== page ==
Then there's the artwork, done by Ned Bittinger in oil paint. Although I can't deny that they have a beauty of their own - hence the two stars, rather than one - they just don't suit the story, in my opinion. They're a little too creepy, a little too "dark fairy-tale" feeling to me, and that isn't what the Root Children is all about! Moreover, the Root Children themselves have been transformed into fairies, complete with gossamer wings! No! Worst of all, Mother Earth, who is an old woman in all the other versions of this story that I have seen, is young and beautiful here. Argh!

Do yourself a favor, if you are at all interested in this story, and pick up either the Zipes or Fish editions, mentioned above - this one just doesn't cut it! Of course, you may still be turned off by the cute anthropomorphism, but at least you'll be getting the real thing! ( )
1 vote AbigailAdams26 | Apr 7, 2013 |
I thought that this book was beautifully illustrated and written. The pictures are what especially caught my eye for this book. I read this to a group of children and they all loved it. I enjoyed how the root children were doing the things most children do in each season.
  hgold | May 31, 2011 |
This book is for PreK-2nd grade. It tells the story of Mother Earth, Cousin Summer, Aunt Spring and the rest of the family's journey to different seasons. I feel this book would be great for track printing and is easy to follow along. Also the pictures aid in illustrating the story. Overall, great read.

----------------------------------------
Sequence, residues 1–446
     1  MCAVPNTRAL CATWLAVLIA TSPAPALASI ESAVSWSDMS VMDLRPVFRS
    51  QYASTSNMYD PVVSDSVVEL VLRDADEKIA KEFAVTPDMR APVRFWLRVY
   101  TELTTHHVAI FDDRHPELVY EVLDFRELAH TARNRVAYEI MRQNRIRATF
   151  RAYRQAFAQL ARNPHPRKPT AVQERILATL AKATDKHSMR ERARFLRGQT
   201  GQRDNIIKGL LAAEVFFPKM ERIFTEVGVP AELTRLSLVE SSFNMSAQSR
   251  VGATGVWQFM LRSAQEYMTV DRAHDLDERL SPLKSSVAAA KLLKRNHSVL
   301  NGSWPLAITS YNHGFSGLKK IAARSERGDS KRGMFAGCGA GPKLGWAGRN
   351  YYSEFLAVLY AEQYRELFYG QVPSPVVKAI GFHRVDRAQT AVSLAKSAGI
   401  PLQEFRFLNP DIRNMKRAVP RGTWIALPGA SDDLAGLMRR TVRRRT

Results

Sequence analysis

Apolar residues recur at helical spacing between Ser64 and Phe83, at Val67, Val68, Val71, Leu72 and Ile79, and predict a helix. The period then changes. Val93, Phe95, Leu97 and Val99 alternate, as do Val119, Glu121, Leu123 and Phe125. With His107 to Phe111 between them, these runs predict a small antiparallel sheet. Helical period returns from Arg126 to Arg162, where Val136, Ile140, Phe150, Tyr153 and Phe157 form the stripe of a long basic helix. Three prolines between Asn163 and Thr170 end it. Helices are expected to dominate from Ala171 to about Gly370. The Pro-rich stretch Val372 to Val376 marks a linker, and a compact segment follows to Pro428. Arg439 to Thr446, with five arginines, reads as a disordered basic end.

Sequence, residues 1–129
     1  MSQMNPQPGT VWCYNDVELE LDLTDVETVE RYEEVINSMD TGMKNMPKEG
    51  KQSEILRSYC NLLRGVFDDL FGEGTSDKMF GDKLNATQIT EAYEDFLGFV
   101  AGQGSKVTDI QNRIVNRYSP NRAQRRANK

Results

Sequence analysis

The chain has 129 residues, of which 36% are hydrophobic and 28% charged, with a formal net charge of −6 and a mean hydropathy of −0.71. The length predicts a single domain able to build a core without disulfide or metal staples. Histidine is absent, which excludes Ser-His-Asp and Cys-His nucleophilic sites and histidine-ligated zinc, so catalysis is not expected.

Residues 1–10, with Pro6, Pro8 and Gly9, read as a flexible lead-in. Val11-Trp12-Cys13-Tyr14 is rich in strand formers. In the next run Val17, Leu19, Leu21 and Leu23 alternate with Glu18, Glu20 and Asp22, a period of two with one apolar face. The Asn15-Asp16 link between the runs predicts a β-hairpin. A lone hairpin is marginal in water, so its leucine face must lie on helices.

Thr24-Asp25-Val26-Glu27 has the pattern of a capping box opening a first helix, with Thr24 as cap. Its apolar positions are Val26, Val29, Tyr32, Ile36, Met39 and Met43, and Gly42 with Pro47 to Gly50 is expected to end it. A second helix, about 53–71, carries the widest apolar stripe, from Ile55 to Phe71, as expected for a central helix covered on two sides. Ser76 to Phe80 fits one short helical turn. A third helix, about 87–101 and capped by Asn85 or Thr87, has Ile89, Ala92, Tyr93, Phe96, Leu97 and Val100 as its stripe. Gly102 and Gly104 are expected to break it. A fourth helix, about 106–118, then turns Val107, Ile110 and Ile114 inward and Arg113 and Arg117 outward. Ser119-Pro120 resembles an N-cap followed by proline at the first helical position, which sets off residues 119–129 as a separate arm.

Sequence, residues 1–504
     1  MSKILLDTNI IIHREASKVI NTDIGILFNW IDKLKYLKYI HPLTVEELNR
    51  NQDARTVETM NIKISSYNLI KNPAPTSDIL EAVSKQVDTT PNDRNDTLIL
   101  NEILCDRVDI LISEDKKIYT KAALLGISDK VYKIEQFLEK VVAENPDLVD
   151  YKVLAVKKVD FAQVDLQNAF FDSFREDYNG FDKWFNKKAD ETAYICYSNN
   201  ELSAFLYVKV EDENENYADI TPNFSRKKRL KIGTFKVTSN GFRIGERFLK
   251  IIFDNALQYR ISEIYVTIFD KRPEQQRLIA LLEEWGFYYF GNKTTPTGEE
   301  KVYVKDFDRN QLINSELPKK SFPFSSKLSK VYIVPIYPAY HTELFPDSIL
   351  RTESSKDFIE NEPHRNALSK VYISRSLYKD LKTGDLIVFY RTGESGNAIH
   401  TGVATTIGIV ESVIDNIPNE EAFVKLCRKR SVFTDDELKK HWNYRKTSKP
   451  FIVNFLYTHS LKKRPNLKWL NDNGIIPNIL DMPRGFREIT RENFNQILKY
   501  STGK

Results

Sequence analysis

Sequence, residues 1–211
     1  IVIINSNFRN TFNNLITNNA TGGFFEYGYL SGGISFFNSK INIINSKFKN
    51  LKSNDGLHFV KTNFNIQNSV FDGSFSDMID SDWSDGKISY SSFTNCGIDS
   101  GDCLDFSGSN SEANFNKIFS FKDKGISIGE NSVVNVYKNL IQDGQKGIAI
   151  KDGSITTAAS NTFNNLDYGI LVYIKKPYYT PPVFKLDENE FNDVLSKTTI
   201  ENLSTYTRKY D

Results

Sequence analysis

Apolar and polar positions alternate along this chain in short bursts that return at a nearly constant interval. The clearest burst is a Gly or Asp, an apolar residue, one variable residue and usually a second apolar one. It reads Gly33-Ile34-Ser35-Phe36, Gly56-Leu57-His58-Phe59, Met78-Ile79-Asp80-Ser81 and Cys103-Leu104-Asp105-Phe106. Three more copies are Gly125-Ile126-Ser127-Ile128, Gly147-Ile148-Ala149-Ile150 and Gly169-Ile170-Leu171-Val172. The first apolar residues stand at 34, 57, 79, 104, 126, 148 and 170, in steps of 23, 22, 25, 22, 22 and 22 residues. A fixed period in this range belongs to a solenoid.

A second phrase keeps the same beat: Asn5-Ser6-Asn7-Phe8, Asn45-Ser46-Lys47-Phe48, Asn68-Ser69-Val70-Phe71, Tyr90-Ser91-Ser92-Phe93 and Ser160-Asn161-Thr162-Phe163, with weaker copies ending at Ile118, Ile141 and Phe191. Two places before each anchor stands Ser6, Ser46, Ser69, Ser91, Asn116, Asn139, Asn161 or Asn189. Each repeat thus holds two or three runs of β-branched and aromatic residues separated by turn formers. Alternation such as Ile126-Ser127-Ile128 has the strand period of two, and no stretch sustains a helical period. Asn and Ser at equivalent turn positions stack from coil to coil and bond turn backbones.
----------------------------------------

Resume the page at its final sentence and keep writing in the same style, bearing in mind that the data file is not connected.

brittneywest | Nov 15, 2009 |
Mother earth wakes up her children when it is time for spring to arrive. The go out into the forest and play and each season the new person brings the season on. Then when winter comes the root children go back to sleep.
Website: http://kindernature.storycounty.com/display.aspx?DocID=200511221046
  ldjordan | Nov 11, 2009 |
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Author nameRoleType of authorWork?Status
Wood, Audreyprimary authorall editionsconfirmed
Bittinger, NedIllustratorsecondary authorall editionsconfirmed
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Amazon.com Product Description (ISBN 059042517X, Hardcover)

Complimented with Ned Bittinger's stunning illustrations, best-selling author Audrey Wood's new version of a timeless classic is the perfect read aloud for this spring and gift all year round.

When Old Grandfather Winter disappears into his ice palace high in the mountains, Young Robin chirps her wake-up song to the Root Children deep underground. "Wake up," she sings. "It's time for the masquerade!"

Right away, the Root children set to work sewing their flowering costumes, and painting bugs with rainbows until they sparkle like jewels. Then, they frolic out into the world in a joyous chorus of color and song. They sing and dance through summer. But all good things must come to an end, and as the frosty autumn winds blow away the leaves and flowers, the Root Children must return to their underground bed with gentle Mother Earth.

(retrieved from Amazon Thu, 12 Mar 2015 18:22:17 -0400)

The Root Children, who have been sleeping all winter, awake to become Blossom Children and experience the new life, the color, and the joys of spring.